A decade’s worth of research suggests self-control is not a steady state but a psychological resource that can be depleted — and built up through practice.
Criminologists and sociologists have long believed that people commit violent crimes when an opportunity arises and they’re low on self-control. “It’s an impulsive kind of thing,” said psychological scientists Dr. Thomas F. Denson, a co-author on the research. He and his colleagues examined a wealth of recent experiments in which self-control was manipulated.
For example, a researcher can deplete someone’s self-control by telling the subject they’re not allowed to take one of the cookies sitting in front of them. And studies have found that, after people have had to control themselves for a while, they behave more aggressively. In a 2009 study, after someone’s self-control was depleted, they were more likely to respond aggressively to nasty feedback that ostensibly came from their husband or girlfriend.
On the other hand, it’s also possible to practice self-control the same way one would practice the piano.
In the current study, Denson had people try to use their non-dominant hand for two weeks. So, if they’re right-handed, they’re told to use their left hand “for pretty much anything that’s safe to do,” he said.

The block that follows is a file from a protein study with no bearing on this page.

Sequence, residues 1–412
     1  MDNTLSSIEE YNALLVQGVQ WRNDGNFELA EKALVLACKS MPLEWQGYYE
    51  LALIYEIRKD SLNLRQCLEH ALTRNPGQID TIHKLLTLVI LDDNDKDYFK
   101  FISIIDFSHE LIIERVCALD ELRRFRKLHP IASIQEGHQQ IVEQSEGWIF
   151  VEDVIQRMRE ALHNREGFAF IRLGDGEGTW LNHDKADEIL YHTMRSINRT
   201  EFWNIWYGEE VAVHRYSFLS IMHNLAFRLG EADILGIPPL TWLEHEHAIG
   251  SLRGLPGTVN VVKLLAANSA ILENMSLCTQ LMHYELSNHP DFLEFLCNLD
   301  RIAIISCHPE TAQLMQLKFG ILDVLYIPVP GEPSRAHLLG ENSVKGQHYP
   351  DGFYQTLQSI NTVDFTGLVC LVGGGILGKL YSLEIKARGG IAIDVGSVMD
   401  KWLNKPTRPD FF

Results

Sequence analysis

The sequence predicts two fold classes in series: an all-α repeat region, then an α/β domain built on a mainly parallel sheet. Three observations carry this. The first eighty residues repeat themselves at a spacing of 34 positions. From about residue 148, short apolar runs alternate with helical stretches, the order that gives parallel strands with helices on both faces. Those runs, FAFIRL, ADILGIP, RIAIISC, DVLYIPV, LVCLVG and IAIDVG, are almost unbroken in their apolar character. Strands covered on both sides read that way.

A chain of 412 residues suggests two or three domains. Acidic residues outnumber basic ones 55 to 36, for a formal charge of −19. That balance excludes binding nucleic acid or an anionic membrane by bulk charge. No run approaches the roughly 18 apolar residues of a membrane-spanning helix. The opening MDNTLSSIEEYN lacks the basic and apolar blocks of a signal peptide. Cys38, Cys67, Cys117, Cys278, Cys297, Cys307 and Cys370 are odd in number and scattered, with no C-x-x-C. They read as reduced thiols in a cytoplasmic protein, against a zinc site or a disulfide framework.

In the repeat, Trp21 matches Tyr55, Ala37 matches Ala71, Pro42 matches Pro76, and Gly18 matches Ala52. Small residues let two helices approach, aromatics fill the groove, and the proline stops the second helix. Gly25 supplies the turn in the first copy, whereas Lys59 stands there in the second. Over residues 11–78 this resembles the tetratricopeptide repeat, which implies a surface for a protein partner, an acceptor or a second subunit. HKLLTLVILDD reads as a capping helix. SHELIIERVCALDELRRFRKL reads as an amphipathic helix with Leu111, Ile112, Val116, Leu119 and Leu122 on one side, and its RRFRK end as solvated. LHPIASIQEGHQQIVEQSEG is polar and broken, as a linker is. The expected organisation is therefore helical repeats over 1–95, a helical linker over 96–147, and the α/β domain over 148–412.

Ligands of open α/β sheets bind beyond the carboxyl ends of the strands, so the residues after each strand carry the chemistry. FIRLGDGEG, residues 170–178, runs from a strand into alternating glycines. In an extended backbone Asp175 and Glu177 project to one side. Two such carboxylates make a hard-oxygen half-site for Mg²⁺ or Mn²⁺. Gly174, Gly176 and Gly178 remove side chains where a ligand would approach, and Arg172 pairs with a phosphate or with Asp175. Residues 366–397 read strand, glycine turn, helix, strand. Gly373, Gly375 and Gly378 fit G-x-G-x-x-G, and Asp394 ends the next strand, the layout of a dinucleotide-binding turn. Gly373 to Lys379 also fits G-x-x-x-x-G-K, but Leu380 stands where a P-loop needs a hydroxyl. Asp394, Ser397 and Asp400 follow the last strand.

“Using the mouse, stirring your coffee, opening doors. This requires people to practice self-control because their habitual tendency is to use their dominant hands.”
After two weeks, people who have practiced self-control manage their aggression better. In one experiment, they’re mildly insulted by another student and have the option of retaliating with a blast of white noise—but people who have practiced self-control respond less aggressively.
“I think, for me, the most interesting findings that have come out of this is that if you give aggressive people the opportunity to improve their self-control, they’re less aggressive,” Denson said.
Denson believes aggressive people need to improve their self-control skills – a behavior that can improve with practice.
“It’s not that aggressive people don’t want to control themselves; they just aren’t very good at it. In fact, if you put aggressive people in a brain scanner and monitor their brain activity while insulting them, the parts of the brain involved in self-control are actually more active than in less aggressive people,” he said.
“So it might be possible to teach people who struggle with anger or violence problems to control themselves more easily.”
For people who aren’t inclined toward violence, it may also be useful to practice self-control—by trying to improve your posture, for example. In the short term, this can deplete self-control and make it harder to control your impulses.
“But if you practice that over the long term, your self-control capacity gets stronger over time,” Denson said. “It’s just like practicing anything, really—it’s hard at first.”
But, over time, it can make that annoying colleague easier to deal with.
The article is published in Current Directions in Psychological Science, a journal of the Association for Psychological Science.